How to Combat Disengagement to Put Power and Passion Back Into Your Sales Team
You’ve probably trimmed all the fat out of your budget and let under-performers go. You thought you were retaining the best and brightest, but now you’re fighting disengagement of even your (previously) most reliable employees.
Survey after survey describes an American workforce that’s disconnected and tuned out. Consulting firm BlessingWhite found fewer than 1 in 3 employees (29%) are fully engaged and 19% are actually disengaged. Gallup asserts that, “In average organizations, the ratio of engaged to actively disengaged employees is 1.5:1.” And the Corporate Executive Board says disengaged employees are putting forth even less “discretionary effort” – at least 53% less – than they did a few years ago.
Just imagine if you could get your employees to start giving that 53% again… wouldn’t it transform your organization?
One area in which we see the serious consequences of disengagement is sales. To achieve sales goals and keep steady revenues rolling into your organization requires commitment to the sales role; in contrast, a disengaged sales team can pull even a strong company down. It’s up to you as a sales leader to tap into your team’s potential to get superior results.
The good news is that with a little dedication and creativity you can put the power and passion back into your team: It’s about knowing the strengths of each individual on your team, determining what motivates them, communicating expectations, and being diligent about holding them accountable for meeting their goals.
Engagement Tip #1: Communicate Expectations and Provide Support
For example, work with your salespeople to establish prospecting targets for the quarter. (Make sure you have each salesperson’s complete buy in on targets set!) Then, help them build prospecting plans and follow up regularly with them to provide resources and support. If a salesperson lacks the sales skills to follow through, provide high-quality training and serve as a coach to help them use their new skills.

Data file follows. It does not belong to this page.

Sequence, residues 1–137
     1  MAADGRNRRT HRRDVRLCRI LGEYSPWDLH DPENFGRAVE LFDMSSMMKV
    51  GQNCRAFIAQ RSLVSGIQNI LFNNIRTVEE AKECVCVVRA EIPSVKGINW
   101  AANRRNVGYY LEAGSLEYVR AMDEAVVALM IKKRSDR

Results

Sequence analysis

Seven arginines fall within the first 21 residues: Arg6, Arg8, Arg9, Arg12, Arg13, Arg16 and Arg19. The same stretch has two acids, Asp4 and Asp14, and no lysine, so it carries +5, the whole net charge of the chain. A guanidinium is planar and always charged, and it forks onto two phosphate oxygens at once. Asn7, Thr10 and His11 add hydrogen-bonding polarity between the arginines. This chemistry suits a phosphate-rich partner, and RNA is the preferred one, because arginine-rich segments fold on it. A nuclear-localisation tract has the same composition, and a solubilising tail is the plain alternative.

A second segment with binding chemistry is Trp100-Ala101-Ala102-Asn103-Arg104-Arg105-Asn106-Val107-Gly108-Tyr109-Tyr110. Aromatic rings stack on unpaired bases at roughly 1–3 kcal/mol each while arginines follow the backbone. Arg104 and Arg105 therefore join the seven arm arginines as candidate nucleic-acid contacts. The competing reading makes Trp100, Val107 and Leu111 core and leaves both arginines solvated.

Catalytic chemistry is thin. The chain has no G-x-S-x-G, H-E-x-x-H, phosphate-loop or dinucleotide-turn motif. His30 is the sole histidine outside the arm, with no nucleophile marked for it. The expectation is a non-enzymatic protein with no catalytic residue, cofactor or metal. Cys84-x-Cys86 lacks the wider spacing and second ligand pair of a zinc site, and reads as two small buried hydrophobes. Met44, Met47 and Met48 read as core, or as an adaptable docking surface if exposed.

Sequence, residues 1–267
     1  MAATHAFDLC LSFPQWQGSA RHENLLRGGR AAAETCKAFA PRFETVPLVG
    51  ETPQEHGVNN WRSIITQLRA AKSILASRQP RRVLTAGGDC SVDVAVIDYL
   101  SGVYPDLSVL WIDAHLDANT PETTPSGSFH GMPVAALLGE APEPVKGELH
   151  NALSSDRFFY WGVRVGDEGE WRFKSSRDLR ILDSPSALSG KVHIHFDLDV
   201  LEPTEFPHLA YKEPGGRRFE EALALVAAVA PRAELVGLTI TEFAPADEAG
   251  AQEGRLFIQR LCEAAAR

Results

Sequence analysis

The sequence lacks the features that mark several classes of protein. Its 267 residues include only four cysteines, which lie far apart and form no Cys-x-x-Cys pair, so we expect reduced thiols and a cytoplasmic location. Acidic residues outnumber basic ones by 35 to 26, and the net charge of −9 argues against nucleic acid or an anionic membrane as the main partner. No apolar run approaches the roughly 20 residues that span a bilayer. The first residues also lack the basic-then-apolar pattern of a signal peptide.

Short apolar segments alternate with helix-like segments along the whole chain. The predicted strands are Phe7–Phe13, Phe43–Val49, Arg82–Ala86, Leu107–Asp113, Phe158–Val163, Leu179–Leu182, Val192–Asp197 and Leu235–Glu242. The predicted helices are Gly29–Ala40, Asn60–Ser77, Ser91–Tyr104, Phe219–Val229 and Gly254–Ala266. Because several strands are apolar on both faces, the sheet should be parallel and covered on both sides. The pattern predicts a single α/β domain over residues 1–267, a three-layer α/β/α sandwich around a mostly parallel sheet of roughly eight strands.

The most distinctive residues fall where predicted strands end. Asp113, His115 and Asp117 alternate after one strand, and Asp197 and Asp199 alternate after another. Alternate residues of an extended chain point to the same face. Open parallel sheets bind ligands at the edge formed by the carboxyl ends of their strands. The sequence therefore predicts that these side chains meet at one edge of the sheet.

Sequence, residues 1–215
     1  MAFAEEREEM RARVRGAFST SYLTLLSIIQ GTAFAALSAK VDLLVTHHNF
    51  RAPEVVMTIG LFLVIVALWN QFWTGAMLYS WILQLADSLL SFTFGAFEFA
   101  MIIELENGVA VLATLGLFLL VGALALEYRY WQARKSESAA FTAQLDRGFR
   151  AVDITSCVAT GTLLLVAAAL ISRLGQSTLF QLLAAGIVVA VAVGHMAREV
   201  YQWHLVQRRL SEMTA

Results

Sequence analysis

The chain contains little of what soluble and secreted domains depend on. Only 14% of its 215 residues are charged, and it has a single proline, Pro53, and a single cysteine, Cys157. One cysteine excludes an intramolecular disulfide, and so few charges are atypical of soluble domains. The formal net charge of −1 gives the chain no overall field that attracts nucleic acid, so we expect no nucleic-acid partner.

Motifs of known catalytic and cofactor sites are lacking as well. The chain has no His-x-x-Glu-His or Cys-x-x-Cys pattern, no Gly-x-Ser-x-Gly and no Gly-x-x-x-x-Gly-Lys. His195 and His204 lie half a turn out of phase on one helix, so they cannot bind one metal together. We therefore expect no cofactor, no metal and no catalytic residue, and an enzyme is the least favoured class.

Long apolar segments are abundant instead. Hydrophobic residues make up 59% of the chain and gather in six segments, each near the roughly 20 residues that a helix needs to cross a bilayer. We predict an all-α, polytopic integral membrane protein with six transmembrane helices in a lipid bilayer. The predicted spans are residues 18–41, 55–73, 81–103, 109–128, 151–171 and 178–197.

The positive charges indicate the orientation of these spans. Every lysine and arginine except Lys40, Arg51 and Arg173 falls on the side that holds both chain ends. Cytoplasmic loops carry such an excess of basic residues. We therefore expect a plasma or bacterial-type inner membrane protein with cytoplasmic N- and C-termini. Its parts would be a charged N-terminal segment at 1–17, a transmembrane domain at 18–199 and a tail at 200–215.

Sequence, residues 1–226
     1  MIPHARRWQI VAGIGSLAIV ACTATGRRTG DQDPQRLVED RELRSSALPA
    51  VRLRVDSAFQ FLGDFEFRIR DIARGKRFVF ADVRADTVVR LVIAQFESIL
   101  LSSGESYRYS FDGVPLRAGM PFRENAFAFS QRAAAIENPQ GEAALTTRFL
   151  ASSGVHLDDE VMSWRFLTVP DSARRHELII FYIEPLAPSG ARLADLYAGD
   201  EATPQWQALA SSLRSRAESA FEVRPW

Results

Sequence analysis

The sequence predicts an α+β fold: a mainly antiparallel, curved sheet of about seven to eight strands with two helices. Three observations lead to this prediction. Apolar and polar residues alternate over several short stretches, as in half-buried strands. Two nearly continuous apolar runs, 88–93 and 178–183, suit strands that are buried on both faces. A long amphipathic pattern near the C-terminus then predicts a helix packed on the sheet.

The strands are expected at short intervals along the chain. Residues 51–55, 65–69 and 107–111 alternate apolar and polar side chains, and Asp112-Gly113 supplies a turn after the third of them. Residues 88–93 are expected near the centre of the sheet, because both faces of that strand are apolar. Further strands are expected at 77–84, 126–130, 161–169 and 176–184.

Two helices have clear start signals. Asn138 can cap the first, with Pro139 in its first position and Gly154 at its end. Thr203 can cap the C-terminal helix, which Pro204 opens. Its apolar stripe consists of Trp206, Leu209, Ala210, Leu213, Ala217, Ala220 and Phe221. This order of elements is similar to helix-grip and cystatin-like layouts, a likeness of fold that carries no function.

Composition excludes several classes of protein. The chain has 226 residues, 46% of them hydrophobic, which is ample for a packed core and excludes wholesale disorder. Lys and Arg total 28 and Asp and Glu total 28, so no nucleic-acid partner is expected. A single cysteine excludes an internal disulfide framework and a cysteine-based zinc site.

Engagement Tip #2: Reconnect with Existing Customers
Encourage your salespeople to go on courtesy calls, survey customers and end-users of your products or services, or otherwise engage with their existing accounts. It will give them real-time feedback about what’s working and what isn’t. Time invested with customers – even if they’re not buying right now – serves to reconnect them with the products or services they sell and the people they sell them to.
Engagement Tip #3: Put on the Positive Pressure
It’s a truism that “we rise to the level of expectation,” yet many managers fail to hold their salespeople accountable for results. If you and your salesperson have agreed on targets for qualifying prospects, completed sales calls, closed business, etc., you should have a systematic method of holding them accountable for meeting those targets.
Engagement Tip #4: Reward Initiative and Innovation
The strongest performers actively seek improvement, and they expect it of themselves, their managers, and their organizations. Help your salespeople set ambitious continuous improvement goals, and reward them for trying new approaches. And remember, recognition for their ideas, being treated as experts at what they do, winning intra-office sales competitions, and even serving as mentors for others can be powerful motivators… money isn’t the only potential reward.
A warning: It really is virtually impossible to win back truly disengaged employees. Unfortunately, if your efforts yield nothing with a particular employee, it’s not worth throwing your energy away and it’s likely time to let them go. They key is to be alert for signs of disengagement so you can get the affected employee re-engaged and re-energized.